I’ve always tried to uphold the value of music. It feels like it’s gone in the right direction a little bit more. A few years ago, there were production libraries and a lot of indie artists giving music away for free, but I think enough of us have held the line and tried to educate people to value their art form.
I don’t think it’s occurring as much anymore. We strive to compensate all creatives fairly.
“I haven’t seen it [music budgets] impacted by COVID, I’ve seen it getting better and better.”
How are you seeing budgets for music changing? Have they been impacted by COVID?
I haven’t seen it impacted by COVID, I’ve seen it getting better and better.
I feel like I personally have had a voice within my company and have been able to consult on what I think a music budget should be in the development phase, which has helped considerably because in the past we wouldn’t be a part of those conversations.
With the streamers we have to buy everything outright in perpetuity so you have to make sure those budgets are healthy because you can’t really backpedal.
How are you seeing the role of the music supervisor evolving?
There’s a sophistication and expertise that is coming into play in music supervision that is changing the traditional music supervisor role.
When I started it was basically just finding songs and clearing them. Now it’s like, we want to have a 15-person choir and we want them to do this specific genre. And oh, by the way, you have to have this piece created and we’re going to have an orchestra in the background.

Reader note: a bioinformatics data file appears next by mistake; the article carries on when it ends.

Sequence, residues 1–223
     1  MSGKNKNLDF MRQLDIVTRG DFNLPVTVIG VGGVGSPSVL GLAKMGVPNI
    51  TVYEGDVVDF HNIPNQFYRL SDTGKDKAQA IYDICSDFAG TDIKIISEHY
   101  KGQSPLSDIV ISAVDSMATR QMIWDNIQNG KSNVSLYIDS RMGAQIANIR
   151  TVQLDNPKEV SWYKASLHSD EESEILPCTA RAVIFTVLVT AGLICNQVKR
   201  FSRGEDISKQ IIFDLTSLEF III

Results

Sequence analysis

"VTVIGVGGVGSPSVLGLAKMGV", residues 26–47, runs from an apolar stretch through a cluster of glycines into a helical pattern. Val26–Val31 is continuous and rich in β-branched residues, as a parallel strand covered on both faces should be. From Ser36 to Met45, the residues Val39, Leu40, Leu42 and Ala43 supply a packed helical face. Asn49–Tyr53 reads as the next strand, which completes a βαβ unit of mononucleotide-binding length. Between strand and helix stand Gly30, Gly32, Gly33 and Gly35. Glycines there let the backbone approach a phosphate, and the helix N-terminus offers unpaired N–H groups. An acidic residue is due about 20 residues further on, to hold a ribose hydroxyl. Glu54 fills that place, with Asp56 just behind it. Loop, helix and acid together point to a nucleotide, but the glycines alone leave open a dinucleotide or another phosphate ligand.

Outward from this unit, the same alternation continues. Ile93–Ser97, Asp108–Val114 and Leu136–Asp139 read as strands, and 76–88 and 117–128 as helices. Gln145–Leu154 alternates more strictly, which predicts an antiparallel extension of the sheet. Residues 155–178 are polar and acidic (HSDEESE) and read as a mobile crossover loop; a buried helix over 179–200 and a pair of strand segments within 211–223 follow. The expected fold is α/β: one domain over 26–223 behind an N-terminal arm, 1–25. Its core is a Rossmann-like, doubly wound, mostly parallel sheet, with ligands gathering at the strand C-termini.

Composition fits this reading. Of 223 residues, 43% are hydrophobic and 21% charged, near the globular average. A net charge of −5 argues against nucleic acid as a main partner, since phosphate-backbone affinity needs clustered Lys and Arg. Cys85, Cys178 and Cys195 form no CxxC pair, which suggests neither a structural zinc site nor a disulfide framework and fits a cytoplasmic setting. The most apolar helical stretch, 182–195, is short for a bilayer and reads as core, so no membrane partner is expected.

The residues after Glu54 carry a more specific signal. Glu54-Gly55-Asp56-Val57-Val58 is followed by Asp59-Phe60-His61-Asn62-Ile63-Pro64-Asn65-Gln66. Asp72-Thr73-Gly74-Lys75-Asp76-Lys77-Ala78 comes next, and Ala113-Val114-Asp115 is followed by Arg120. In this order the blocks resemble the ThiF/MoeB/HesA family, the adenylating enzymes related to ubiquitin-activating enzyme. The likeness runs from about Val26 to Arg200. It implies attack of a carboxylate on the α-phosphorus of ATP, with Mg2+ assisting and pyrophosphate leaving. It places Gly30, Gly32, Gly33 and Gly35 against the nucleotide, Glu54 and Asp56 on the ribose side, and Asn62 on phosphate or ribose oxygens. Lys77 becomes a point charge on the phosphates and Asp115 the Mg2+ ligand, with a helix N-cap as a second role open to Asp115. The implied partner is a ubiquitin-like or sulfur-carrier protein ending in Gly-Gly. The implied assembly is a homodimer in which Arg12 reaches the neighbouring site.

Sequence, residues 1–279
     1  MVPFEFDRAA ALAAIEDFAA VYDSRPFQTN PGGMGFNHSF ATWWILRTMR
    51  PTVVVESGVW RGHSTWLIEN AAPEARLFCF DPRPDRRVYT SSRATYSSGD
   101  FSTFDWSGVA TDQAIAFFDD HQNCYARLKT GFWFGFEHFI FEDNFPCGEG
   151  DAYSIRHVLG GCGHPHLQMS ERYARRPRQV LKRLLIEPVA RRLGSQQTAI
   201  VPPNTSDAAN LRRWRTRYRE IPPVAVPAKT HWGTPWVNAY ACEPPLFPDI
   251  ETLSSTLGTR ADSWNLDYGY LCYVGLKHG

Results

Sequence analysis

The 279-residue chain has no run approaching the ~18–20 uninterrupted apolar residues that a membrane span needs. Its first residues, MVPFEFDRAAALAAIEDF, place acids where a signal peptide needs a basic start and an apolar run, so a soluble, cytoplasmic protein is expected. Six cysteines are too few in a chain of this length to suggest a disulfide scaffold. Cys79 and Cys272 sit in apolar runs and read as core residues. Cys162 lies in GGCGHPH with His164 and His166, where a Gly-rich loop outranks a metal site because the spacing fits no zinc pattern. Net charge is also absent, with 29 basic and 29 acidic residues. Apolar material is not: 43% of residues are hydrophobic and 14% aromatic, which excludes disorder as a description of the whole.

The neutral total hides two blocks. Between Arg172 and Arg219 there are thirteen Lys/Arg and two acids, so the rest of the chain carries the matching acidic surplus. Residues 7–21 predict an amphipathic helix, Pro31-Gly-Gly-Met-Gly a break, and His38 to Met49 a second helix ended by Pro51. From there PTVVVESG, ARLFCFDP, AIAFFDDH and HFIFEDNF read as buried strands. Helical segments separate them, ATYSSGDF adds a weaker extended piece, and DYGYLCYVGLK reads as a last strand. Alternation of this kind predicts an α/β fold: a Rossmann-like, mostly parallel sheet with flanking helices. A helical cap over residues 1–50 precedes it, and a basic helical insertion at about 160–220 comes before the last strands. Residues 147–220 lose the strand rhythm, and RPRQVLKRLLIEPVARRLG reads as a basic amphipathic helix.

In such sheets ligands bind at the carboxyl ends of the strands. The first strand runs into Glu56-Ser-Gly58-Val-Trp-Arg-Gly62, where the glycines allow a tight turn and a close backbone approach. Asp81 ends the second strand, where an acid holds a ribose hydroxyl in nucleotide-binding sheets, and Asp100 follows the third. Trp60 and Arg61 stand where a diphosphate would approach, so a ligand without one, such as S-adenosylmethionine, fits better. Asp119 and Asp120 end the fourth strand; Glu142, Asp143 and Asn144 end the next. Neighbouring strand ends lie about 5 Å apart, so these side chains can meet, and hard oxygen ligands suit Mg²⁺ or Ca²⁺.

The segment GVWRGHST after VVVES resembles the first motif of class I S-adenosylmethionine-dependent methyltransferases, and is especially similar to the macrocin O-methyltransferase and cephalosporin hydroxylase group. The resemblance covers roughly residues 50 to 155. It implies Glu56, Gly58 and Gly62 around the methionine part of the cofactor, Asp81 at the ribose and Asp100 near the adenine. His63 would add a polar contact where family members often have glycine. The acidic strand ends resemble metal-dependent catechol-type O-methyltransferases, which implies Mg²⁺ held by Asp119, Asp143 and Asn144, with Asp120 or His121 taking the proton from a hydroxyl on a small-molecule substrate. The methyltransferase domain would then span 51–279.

There is constant innovation occurring cross production that requires either re-inventing the wheel or establishing new protocols. On the studio level, we’re all so busy trying to manage across multiple platforms that our expectations for the role of the external music supervisor have shifted. We need them to be well-versed in on-cameras and union requirements as well as clearances and creative.
“There is constant innovation occurring cross production that requires either re-inventing the wheel or establishing new protocols.”
Do you think alongside that, there’s more respect and acknowledgment for the role of a music supervisor?
There’s always been respect, but I think what’s nice now is that many more showrunners see them as important music partners. There is a loyalty there and a real trust in collaboration.
The next generation of music supervisors coming in are amazing and I think they’re going to continue to help the role evolve and hopefully take it to a place where it automatically commands respect and appreciation.